Labour’s confidence suffered a severe jolt with the near wipe-out of the Lib Dems, in the British general election last month.
A formerly progressive party was so tainted by partnering with austerity-junkie Tories and quickly reneging on key policy commitments — such as tuition fees and benefit cuts (ring any bells Labour?) — that the Lib Dems saw their share of the vote collapse from 23% to 8% and their MPs down from 56 to 8.
The fact that deeply unpopular leader, Nick Clegg, said this was because the party put the national interest ahead of its own, when it went into a rightward coalition, will only have exacerbated Labour’s fears, as that is exactly the excuse Eamon Gilmore, and now Joan Burton, have given for the present predicament, which sees Labourites giddy if a poll puts them on a dismal 10%.
Of course, the PR system will save Labour from some of the worst ravages inflicted on the Lib Dems by Britain’s ruthless first-past-the-post system, which gave the SNP 56 seats on just 4% of the vote, while UKIP has just a single MP, despite coming third in the popular vote, with 13%, But, nonetheless, Labour is not heading for a pretty poll day.
Another echo of the Tory template for regaining power, which Mr Kenny is keen to steal from across the water, is the relentless playing of the chaos card.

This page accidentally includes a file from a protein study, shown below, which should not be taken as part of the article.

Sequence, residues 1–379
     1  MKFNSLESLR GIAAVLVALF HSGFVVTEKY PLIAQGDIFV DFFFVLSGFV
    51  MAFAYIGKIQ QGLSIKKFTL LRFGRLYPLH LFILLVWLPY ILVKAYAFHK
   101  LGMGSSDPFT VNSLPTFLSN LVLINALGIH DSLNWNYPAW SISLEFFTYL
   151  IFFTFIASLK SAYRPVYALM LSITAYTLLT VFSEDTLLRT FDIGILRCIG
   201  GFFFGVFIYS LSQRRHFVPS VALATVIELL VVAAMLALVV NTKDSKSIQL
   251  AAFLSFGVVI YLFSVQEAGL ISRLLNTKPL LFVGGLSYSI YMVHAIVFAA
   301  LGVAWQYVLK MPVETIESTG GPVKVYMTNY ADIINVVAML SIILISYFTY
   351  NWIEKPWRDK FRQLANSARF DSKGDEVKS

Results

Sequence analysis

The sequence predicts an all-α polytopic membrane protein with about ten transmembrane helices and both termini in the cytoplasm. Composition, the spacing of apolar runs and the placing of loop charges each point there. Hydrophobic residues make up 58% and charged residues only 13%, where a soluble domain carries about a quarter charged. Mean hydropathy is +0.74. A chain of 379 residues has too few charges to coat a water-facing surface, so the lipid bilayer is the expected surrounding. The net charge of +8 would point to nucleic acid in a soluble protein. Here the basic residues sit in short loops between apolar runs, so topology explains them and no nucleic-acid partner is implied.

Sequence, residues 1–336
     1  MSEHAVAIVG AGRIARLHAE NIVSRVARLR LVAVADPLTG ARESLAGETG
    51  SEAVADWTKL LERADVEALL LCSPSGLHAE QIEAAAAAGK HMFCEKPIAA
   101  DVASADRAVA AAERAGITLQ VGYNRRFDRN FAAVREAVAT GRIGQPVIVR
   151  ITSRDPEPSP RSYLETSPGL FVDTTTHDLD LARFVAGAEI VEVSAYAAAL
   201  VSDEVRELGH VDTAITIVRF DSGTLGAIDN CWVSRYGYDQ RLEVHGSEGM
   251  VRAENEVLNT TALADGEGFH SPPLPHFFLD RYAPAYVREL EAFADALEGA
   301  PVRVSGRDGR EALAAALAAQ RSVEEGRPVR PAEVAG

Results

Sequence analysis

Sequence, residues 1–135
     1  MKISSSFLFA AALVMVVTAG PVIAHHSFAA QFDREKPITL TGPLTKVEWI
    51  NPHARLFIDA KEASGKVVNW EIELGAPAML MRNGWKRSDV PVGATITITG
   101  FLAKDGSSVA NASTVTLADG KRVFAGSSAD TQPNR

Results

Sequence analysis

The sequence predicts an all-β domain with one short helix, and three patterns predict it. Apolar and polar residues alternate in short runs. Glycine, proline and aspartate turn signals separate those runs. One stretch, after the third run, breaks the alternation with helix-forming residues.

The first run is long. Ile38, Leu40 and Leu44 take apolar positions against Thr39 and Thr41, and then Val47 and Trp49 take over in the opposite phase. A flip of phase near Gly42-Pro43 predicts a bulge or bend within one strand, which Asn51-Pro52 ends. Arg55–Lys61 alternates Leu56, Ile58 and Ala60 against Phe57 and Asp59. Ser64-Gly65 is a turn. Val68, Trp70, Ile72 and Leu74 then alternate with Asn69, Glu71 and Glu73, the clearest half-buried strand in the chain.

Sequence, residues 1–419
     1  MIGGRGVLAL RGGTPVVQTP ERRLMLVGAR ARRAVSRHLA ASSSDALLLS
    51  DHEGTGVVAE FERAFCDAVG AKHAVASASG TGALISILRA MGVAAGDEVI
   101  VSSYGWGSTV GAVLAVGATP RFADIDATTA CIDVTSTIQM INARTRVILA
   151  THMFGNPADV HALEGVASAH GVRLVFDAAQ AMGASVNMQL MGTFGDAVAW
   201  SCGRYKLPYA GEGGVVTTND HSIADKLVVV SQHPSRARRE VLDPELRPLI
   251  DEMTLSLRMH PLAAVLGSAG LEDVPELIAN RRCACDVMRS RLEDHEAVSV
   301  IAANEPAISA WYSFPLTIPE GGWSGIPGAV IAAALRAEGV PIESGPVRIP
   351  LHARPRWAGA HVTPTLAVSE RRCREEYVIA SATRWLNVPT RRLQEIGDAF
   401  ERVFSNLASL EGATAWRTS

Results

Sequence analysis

David Cameron was devious enough to get a walk-on part in Game of Thrones when he repeatedly used the image of the SNP sweeping down like the savage, frothing Wildlings from across The Wall (in this version Hadrian’s Wall) to hold Ed Miliband hostage on the Iron (Bru) Throne in Downing St.
The message was drummed home with such force that disillusioned voters returned en masse to the Tories in marginal seats, and Cameron took a shock, though slender, majority in the Commons.
Mr Kenny and co are already attempting to paint Sinn Féin as the party of chaos, not the party of change, and that will bring many of their 2011 supporters back into the fold.
At least Fine Gael won’t be able to cannibalise their junior coalition partner in the way Cameron did to the Lib Dems, and while transfers will help, Labour is looking into a grim ballot box, despite the boost of the the marriage equality triumph.
The Lib Dems thought personality politics would save many of their best-known figures from failure, but that proved to be clutching at false hope for a gallows reprieve, as Mr Clegg only survived due to a massive switch by Tory voters.
But there is unlikely to be such a swing to save Ms Burton. As there is likely to be just one Coalition seat in Dublin West next time out, the Tánaiste will be in a battle to the political death with Leo Varadkar, and, given Varadkar’s post-outing profile boost, the smart money must be on him to take the day.
Yet another reason why Labour will be hoping a spring tide will raise a few more of their voter boats, rather than see the party washed-out and swept away in the November rain.